Tables indicate peak fish and game feeding and migration times. Major periods can bracket the peak by an hour before and an hour after. Minor peaks, half-hour before and after. Adjusted for daylight savings time. a.m. p.m. Minor Major Minor Major
MAY 17 01:07 05:52 08:52 01:22 18 01:37 06:22 09:37 02:07 19 02:22 06:52 10:22 02:37 20 03:07 07:22 11:07 03:07 21 03:52 08:07 11:52 03:52 22 05:22 08:52 12:37 04:37 23 06:52 10:07 - - 05:22 24 08:07 01:22 12:37 06:37 25 08:52 01:52 02:52 07:52 26 02:22 09:37 08:52 04:07 27 02:52 10:07 09:52 05:07 28 03:22 10:37 10:37 05:52 29 03:52 11:22 11:22 06:37 30 04:37 11:52 12:07 07:22 31 - - 05:07 08:07 12:37 JUN 1 2 3 4 5 6 7 8 9 10 11 12 13 14 15 16 17 18 19 20 21 22 23 24 25 26 27 28 29 30
- - 01:37 02:22 03:22 04:37 06:07 - - 01:07 01:52 02:22 03:07 03:37 - - - - 12:52 01:37 02:07 02:52 03:37 04:37 10:07 11:52 - - 12:52 01:37 02:22 03:07 04:07 - - 12:52
05:52 06:22 07:07 08:07 09:07 10:37 07:22 08:37 09:22 10:07 10:52 11:22 04:22 05:07 05:37 06:07 06:52 07:22 08:07 08:52 05:37 06:37 07:52 08:37 09:22 10:07 10:52 11:37 04:52 05:37
08:52 01:22 09:37 02:07 10:22 02:52 11:07 03:37 11:52 04:22 12:22 05:22 12:52 06:22 02:52 07:22 08:37 04:22 09:52 05:37 10:52 06:22 11:37 07:07 07:37 12:07 08:07 12:37 08:37 01:07 09:22 01:37 09:52 02:22 10:22 02:52 10:52 03:22 11:07 03:52 11:37 04:22 04:52 12:07 02:22 05:52 07:22 04:22 09:07 05:22 10:22 06:07 11:07 06:37 12:07 07:22 07:52 12:22 08:37 01:07
may 2013â€ƒ 31
Know Thy Lawn It’s here… lawn season that is, and there is no time like the present to become one—or at least become more familiar—with your lawn. By Katie Jackson
nvesting in a healthy lawn is well worth the time and money you spend on it. After all, lawns not only increase property values and curb appeal, they also help prevent erosion, filter pollutants from the air and rainwater and they cool and oxygenate the environment. By getting to know your lawn, you can formulate a lawn care plan that is efficient and effective, allowing you more time to enjoy, rather than work on, the lawn. Start by identifying the grasses and weeds that exist in your lawn. Different turfgrasses and weed problems require different kinds of management, so the more you know about your own turf, the better you’ll be able to manage it. For example, some turfgrasses should be mowed to as low as 1 inch while others should be maintained as high as 4 inches. Knowing what you’ve got out there helps you formulate a mowing schedule just right for your lawn’s needs and may save you some sweat and gas through the summer. Need help identifying grasses and weeds? Ask an expert, such as a local Alabama Cooperative Extension System representative or lawn care professional. They can tell you what’s growing in your lawn and offer advice on ways to renoKatie Jackson, who recently retired as chief editor for the Auburn University College of Agriculture and Alabama Agricultural Experiment Station, is now a fulltime freelance writer and editor. Contact her at email@example.com.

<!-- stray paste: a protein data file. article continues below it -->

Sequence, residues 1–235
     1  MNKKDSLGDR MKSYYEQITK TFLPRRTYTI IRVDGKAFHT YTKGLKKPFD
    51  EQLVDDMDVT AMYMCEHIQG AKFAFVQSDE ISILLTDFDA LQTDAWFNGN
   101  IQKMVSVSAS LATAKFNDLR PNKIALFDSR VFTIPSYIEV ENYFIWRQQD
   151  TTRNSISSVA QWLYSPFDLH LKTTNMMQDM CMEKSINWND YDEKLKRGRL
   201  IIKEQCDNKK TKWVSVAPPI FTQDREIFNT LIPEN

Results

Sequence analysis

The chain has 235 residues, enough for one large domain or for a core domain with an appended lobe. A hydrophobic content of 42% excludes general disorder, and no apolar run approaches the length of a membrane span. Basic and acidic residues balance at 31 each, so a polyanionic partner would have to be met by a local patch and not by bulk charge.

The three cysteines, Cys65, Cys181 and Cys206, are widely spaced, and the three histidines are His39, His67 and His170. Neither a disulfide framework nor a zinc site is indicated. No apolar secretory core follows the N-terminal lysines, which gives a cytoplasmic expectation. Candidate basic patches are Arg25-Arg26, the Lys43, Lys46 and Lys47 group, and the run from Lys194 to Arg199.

32 MAY may 2013
vate or even replant the lawn and landscape to better meet your site’s sun and soil conditions. Fertilizing is vital to good lawn health and now is the time to begin a fertilization program, but it pays (and saves) to know your lawn’s specific needs. The best way to determine the right fertility regime is test your soil. Soil test kits are available at your local Extension office or through the Auburn University Soil Testing Laboratory at www.aces.edu/anr/ soillab/ or 334-844-3958. Of course water is another necessity for a beautiful lawn and, by knowing your lawn, you’ll better understand its moisture needs, which helps conserve water and may help lower your water bill. The standard recommendation is to apply ½ to ¾ inches of water to the yard each time you irrigate, but only when the grass really needs it. Apply water when the grass begins to take on a blue-grey or white cast or do the footprint test—walk across your lawn in the late afternoon and, if you see your footprint in the turf, it’s time to water (and it’s a great excuse to step out and enjoy the yard while you’re at it!). Needless to say, many other elements contribute to a lush and low-mainte-
nance lawn and landscape, so don’t hesitate to explore other management ideas on the Web and through your local library or gardening experts. As I’ve mentioned more than once in this column, the Alabama Smart Yards publication, available through local Extension offices or online at www.aces. edu/pubs/docs/A/ANR-1359/ ANR-1359.pdf, is a comprehensive and invaluable source of landscaping advice aimed at making your landscape as beautiful as it is sustainable! While you’re paying attention to the lawn, don’t forget to pay some attention to the mom (or moms) in your life. Mother’s Day on May 12 is an ideal chance to give gifts from or for the garden, such as potted plants, annuals or perennials, gardening gloves and tools or even an offer to do yard work for her! A
May Gardening Tips d Plant summer annuals and perennials. d Plant eggplant, pepper and tomato transplants. d Sow seed for sweet corn, squash, okra and lima and snap beans. d Plant ornamental grasses and fallblooming perennials. d Prune spring-flowering shrubs and vines and climbing roses during or just after bloom. d Deadhead (remove spent flowers) from flowering annuals to prolong bloom time. d Keep newly planted shrubs and trees well watered. d Fertilize houseplants that are growing or blooming.